and, if possible, quantified, as should the functions of the proposed compensatory mitigation project. Even if the mitigation goal does not seek in-kind replacement of functions, functional assessment provides a foundation for considering the watershed consequences of out-of-kind mitigation. Functional assessment helps determine whether the location and design of a compensation wetland will secure the functions that are emphasized for the watershed.

In practice, mitigation attention often is focused on relatively few of the numerous functions that wetlands can provide—for example, habitat, water-quality improvement, and various hydrological functions (groundwater recharge and floodwater desynchronization). The committee does not believe that a science-based functional assessment should be used to assess or rank all the societal values of a wetland. In some cases, technical assessment and the social values of each function have been merged into one assessment procedure. It is recognized that these functions have human value by the societal, economic, and other services they provide and that the values emphasized should be reflected in the location and design of the compensatory wetland. However, the committee believes there are other points in the process of mitigation planning to consider tradeoff among functions where, based on a systematic functional assessment that evaluates all functions objectively, weighting factors can be introduced into the mitigation planning process to consider the broader perspectives about their relative importance (see Chapter 8 for a discussion of this point).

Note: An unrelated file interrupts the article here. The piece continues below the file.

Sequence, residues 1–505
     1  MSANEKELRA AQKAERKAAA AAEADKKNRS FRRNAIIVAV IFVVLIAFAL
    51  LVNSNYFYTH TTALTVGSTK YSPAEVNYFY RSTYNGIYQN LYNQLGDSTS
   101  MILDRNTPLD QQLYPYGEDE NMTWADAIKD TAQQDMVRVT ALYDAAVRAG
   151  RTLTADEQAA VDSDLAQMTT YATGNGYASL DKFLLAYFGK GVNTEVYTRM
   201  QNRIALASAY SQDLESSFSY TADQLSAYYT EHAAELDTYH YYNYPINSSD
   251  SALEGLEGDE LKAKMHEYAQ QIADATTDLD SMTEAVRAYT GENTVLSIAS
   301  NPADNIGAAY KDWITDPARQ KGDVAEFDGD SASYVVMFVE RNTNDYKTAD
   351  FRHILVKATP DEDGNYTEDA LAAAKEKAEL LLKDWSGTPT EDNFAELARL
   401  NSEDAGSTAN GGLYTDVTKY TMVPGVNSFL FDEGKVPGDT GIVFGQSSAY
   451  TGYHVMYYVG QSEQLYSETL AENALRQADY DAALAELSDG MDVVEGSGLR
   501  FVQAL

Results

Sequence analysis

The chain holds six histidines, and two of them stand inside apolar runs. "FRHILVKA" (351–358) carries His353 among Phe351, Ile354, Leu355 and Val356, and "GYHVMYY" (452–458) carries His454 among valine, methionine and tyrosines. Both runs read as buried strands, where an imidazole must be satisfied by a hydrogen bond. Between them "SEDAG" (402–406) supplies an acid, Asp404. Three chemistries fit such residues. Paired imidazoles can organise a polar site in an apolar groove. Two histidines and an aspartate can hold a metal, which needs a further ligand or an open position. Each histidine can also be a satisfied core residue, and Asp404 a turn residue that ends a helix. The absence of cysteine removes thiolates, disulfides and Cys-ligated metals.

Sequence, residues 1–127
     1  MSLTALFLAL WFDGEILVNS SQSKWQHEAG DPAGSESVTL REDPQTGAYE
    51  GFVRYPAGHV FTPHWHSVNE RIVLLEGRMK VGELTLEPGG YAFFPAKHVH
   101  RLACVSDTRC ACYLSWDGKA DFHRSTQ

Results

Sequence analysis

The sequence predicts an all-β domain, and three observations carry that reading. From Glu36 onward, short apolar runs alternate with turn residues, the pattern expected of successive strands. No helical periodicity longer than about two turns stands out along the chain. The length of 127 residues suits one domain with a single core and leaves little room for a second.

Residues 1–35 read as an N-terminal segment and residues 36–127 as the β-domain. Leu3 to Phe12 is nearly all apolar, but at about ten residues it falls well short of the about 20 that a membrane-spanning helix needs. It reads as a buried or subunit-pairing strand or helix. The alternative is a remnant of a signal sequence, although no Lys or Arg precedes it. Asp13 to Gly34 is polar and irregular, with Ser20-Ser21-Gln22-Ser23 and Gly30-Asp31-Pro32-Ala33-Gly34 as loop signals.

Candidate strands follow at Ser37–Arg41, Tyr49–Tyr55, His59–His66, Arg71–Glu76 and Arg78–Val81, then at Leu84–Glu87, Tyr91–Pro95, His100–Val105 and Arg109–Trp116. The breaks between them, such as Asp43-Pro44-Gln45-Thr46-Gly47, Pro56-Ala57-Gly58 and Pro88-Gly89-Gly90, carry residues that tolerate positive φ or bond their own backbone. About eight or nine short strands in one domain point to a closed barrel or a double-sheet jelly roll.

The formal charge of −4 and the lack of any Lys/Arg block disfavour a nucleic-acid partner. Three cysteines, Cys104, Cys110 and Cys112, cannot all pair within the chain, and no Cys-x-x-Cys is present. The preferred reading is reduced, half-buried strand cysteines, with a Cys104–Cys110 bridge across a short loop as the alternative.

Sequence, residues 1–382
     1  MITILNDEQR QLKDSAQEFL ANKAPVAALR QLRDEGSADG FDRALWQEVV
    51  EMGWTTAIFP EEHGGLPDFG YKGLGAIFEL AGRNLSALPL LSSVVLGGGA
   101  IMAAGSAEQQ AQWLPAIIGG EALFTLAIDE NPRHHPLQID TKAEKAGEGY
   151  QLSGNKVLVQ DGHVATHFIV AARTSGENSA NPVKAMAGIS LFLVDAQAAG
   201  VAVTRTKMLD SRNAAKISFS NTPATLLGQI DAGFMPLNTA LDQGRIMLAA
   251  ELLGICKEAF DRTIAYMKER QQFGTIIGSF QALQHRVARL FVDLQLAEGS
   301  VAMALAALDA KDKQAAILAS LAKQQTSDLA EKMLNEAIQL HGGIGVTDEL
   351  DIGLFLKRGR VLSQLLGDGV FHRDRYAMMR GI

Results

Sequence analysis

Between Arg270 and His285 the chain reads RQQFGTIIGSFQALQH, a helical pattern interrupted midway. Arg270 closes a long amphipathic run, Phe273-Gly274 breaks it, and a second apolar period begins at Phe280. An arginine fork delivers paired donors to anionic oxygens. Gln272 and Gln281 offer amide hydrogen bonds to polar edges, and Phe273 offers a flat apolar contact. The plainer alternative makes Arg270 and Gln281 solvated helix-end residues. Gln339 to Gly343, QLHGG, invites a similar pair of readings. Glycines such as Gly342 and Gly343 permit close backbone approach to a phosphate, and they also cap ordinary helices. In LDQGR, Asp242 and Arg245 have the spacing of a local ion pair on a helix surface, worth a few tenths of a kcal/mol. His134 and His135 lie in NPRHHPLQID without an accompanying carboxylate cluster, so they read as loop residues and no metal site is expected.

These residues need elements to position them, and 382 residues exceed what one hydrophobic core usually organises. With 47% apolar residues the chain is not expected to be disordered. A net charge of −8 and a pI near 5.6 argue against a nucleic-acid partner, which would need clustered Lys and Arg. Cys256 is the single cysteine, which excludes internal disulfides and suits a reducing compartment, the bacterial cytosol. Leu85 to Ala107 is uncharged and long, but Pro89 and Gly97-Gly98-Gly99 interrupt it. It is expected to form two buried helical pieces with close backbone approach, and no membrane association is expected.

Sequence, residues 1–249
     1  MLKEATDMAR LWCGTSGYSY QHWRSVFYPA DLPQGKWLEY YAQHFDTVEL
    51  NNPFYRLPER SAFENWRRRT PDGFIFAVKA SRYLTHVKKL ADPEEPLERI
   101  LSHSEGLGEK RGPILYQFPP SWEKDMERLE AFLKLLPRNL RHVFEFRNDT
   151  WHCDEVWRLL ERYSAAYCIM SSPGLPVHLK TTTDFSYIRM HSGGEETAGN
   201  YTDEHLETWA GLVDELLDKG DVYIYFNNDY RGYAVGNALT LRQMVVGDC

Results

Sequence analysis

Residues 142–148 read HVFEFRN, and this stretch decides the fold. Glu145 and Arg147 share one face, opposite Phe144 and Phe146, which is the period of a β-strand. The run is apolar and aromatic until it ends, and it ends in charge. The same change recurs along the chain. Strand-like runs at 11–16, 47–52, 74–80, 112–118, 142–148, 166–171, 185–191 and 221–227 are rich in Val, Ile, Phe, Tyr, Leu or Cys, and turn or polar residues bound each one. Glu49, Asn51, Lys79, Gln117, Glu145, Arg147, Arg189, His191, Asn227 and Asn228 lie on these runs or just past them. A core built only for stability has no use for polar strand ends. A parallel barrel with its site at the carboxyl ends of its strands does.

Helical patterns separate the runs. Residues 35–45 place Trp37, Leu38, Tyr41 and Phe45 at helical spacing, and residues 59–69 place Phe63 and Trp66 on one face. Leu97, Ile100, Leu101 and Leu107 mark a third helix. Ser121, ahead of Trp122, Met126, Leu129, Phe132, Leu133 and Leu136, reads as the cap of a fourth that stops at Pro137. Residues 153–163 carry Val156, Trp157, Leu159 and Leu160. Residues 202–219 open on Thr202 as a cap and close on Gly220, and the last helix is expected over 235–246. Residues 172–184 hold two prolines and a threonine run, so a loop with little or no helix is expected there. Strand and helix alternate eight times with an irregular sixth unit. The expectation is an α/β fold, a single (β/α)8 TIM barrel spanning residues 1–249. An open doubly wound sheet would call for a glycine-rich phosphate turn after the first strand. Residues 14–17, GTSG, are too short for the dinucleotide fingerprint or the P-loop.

Complete characterization of a compensatory mitigation site requires an assessment of the level of performance attainable for each wetland function under different site designs. This would include consideration of various natural hydrological, geochemical, and ecological attributes and processes. In addition, functional assessment of prospective compensation sites will help establish the design and the monitoring and assessment procedures for the wetland to be created or restored.

Most wetland scientists argue that science-based, regionally standardized procedures are preferable to best professional judgment in comprehensively evaluating wetland function for both impacted and mitigation sites. As a result, the general absence of a uniform approach to assessing wetlands as multifunctional ecosystems have likely encouraged less complex wetland mitigation designs and rudimentary measures of achieving mitigation goals.


In early wetland mitigation efforts, functional assessment was usually confined to lists or qualitative descriptions. Furthermore, although

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